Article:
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Mr. Heald: To ask the Secretary of State for the Home Department how much of the £70 million allocated for new places in the prison high security estate announced in September 2000 has been spent. 
Beverley Hughes: The £70 million allocated for new places in the Prison Service High Security estate announced in September 2000 provides funding for the development of new services for those who are dangerous and severely personality disordered (DSPD) over three years. It includes resources for capital costs, for the construction of new units, running costs and support for the development of new approaches to assessment and treatment. These are complex schemes involving major innovation both in design and in the approach to service delivery.
The initial capital allocation in 200102 was £9 million to fund three refurbished units at Whitemoor Prison (and replacement of prison places lost as a result) and the beginning of construction of a new build unit at Frankland Prison. The work at Whitemoor Prison is complete and has incurred a total capital cost of £230,000 together with £4.27 million allocated to the Prison Service for replacement of lost prison places.
In 200102, £11 million was allocated for running costs and service development work. This was necessarily a rough projection of likely costs because of the ground breaking nature of this work. At this stage we project spending of £5.2 million (with £766,584 spent to date). Any underspend is being reallocated to other key Home Office priorities.
Kate Hoey: To ask the Secretary of State for the Home Department if he will make a statement on the progress of the processing of applications for indefinite leave to remain in the UK made under the regularisation of overstayers scheme; and when he expects it to be completed. 
Angela Eagle: Resources have been invested in the current financial year to identify and process those cases where leave to remain can be granted under existing policy concessions. A dedicated unit within Immigration Casework Directorate (ICD) North has now been trained, and has already sifted and taken action on 600 applications. During the next financial year (200203) more caseworkers and resources will be devoted to the consideration of the remaining cases. The target date for the completion of all considerations is April 2003.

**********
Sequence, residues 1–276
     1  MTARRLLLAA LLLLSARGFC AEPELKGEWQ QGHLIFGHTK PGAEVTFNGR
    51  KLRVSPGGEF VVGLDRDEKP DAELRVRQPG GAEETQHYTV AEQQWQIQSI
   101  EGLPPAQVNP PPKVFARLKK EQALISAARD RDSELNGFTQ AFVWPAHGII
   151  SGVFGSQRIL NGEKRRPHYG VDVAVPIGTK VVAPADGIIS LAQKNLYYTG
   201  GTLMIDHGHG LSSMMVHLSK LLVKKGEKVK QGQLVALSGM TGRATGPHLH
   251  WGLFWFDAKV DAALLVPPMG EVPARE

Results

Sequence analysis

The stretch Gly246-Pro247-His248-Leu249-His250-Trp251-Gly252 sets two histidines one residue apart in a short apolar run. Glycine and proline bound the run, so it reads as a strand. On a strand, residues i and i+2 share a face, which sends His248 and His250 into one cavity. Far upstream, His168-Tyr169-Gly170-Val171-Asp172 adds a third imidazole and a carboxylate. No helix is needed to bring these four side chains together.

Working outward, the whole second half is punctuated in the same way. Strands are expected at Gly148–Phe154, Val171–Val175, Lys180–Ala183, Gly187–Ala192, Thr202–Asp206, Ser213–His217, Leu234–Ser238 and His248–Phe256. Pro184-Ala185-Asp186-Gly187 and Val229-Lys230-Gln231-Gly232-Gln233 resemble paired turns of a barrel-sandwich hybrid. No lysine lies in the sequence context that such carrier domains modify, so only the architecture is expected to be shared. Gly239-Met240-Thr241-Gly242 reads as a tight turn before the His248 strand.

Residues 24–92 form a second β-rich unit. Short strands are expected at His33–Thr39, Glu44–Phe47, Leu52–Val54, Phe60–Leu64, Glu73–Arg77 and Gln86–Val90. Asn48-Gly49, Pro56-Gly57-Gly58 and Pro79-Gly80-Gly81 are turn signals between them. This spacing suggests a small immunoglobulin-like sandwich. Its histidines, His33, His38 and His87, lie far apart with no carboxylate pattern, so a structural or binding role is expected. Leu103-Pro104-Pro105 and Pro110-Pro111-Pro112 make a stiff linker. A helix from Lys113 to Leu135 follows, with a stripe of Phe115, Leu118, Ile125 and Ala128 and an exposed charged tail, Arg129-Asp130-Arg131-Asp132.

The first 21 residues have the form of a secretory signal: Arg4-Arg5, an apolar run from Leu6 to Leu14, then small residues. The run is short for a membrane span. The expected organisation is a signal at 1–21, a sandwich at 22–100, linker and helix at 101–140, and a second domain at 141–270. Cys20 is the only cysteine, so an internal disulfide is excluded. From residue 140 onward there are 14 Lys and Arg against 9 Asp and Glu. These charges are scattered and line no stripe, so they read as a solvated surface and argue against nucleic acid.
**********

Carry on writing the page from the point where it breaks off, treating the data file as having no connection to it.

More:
Sir Sydney Chapman: To ask the Secretary of State for the Home Department how many complaints have been received by the Charity Commissioners and from how many complainants; how many have been fully or partially upheld; how many complaints relating to the Charity Commission have been received by the independent complaints reviewer and from how many
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complainants; how many have been fully or partially upheld; and if the present pilot complaints procedures are to continue. 
Mr. Grieve: To ask the Secretary of State for the Home Department how much of the Criminal Justice System Reserve has been (a) allocated and (b) spent to date; and if he will make a statement about his plans to allocate the reserve in (i) 200203 and (ii) 200304. 
Mr. Keith Bradley: Of the £100 million Criminal Justice System Reserve in 200102, £85 million has been allocated to date. Information on spend to date on approved initiatives indicates that full allocations will be spent. In addition £13.75 million has been allocated from the Reserve to approved initiatives in 200203 and up to £53.1 million in 200304.
Allocations from the Criminal Justice System Reserve require the joint agreement of the Home Secretary, Lord Chancellor and Attorney-General prior to the Chief Secretary to the Treasury releasing the money from the Reserve. Bidding guidance for the Criminal Justice System Reserve for 200102 and 200203 was issued to the three Criminal Justice System Departments in July 2001. Ministers will shortly be recommending to the Chief Secretary further allocations for 200203 and 200304.